Back in early September, I discussed Germany’s deep concern about allegations that the United States had been conducting surveillance on foreign leaders’ email and phone conversations. At the time, German officials suggested that the United States had agreed to discuss a bilateral “no spy” agreement, though the latter never publicly confirmed its willingness to do so. It’s possible that the United States thought the issue would fade away.
Avoiding the issue obviously is no longer possible. The State Department reports that German intelligence officials will travel to the United States “in the coming weeks” to discuss allegations about NSA surveillance in Germany, including the charge that the NSA monitored German Chancellor Angela Merkel’s cell phone. Merkel expressed an interest in achieving “an agreement” but left open the details of what such an agreement would contain.
My September post discussed some of the most potent downsides for the United States if it were to enter into a legally (or even only a politically) binding agreement on the issue. These downsides included (1) setting a precedent that would prompt other states to seek similar arrangements; (2) the sheer loss of intelligence information; (3) the chance that a future German government might prove unfriendly to the United States (thus complicating things for future U.S. executive branches that faced more threatening circumstances); and (4) the fact that the U.S. capacity for surveillance was likely higher than Germany’s, such that a concession not to spy unilaterally in (or on) the other state might mean the United States was giving up more than Germany would be.
Given the current situation, I think these downsides still stand (and in some cases are even more potent), but the costs of not entering some form of commitment are higher. What’s not clear is how much higher those costs are.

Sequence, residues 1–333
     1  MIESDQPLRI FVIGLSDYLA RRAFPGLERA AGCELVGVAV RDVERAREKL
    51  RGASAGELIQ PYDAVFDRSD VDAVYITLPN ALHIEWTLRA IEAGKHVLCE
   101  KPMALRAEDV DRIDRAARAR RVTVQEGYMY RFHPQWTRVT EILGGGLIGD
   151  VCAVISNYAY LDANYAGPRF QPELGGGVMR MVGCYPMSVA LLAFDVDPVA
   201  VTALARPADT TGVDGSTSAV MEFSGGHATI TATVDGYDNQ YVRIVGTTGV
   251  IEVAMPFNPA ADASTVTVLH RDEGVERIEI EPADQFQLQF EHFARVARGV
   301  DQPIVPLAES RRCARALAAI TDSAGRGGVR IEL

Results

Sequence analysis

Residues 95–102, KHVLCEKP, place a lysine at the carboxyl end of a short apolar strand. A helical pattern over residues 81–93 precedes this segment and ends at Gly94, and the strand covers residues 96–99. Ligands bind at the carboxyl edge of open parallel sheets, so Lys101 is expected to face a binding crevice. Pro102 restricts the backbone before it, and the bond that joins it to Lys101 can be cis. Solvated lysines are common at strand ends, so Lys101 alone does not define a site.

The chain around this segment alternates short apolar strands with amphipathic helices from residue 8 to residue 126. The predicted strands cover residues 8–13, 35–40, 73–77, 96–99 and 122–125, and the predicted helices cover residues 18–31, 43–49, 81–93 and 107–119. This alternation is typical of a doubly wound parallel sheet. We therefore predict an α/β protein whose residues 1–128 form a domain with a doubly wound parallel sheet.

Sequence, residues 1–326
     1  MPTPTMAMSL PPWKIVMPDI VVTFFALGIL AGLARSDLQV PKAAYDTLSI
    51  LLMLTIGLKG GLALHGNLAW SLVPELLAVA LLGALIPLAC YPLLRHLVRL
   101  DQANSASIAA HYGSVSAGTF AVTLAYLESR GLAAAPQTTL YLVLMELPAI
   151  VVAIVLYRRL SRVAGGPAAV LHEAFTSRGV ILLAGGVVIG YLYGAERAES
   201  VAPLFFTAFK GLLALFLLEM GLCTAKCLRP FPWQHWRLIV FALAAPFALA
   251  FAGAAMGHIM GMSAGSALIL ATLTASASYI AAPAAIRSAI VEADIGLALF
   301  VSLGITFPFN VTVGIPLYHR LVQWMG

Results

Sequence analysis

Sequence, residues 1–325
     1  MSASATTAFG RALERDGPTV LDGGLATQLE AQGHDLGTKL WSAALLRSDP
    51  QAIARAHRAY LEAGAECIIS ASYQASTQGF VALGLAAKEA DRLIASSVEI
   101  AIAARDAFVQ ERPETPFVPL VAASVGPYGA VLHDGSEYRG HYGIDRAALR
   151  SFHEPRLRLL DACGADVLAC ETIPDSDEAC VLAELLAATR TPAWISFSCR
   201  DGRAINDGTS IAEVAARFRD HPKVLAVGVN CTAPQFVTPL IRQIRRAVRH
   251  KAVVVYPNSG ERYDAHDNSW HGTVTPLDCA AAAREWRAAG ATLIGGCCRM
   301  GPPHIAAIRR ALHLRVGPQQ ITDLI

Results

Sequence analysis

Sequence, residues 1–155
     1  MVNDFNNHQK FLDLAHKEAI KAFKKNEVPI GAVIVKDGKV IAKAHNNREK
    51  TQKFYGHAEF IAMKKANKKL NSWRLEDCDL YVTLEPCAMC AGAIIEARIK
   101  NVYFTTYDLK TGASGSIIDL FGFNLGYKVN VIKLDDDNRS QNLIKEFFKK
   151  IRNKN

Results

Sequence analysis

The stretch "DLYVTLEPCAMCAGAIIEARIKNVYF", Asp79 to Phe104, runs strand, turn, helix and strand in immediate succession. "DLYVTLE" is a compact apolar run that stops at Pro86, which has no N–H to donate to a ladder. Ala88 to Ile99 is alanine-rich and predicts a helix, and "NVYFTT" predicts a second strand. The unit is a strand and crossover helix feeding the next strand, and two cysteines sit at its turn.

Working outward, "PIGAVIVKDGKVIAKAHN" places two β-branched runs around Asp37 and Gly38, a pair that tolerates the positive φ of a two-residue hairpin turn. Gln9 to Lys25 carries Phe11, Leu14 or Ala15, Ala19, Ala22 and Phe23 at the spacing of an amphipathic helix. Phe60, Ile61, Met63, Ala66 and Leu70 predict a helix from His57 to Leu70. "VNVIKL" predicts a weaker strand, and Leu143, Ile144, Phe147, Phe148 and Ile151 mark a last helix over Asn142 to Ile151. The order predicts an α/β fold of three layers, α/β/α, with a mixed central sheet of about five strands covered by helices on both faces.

Let’s assume that the U.S. government’s preference would be to not conclude any type of new formalized arrangement with the Germans (or with any other country beyond the “Five Eyes”). General guidelines apparently exist already between the United States and Germany regarding intelligence cooperation. Expanded guidelines might require greater coordination with German intelligence services before the United States collected or used information it had gathered on German citizens, and/or might establish commitments not to collect against senior government officials or intelligence services. Presumably the United States would prefer not alter or tighten the rules of the road. (I could be wrong here: The language coming out of the White House in the past few days has been more forward-leaning—“just because we can collect certain intelligence doesn’t mean we should”—which might suggest that the United States is willing to forego certain activities that it currently undertakes. Executive agencies may differ about how much to appease foreign governments and whether to assume new restrictions that could impede intelligence collection.)
Another variable is how serious the Germans are about seeking some public deliverable, rather than having quiet (but potentially more productive) discussions that don’t produce a publicly consumable outcome.
How, then, is the United States likely to assess the costs and benefits of demurring on a new arrangement at this point in time?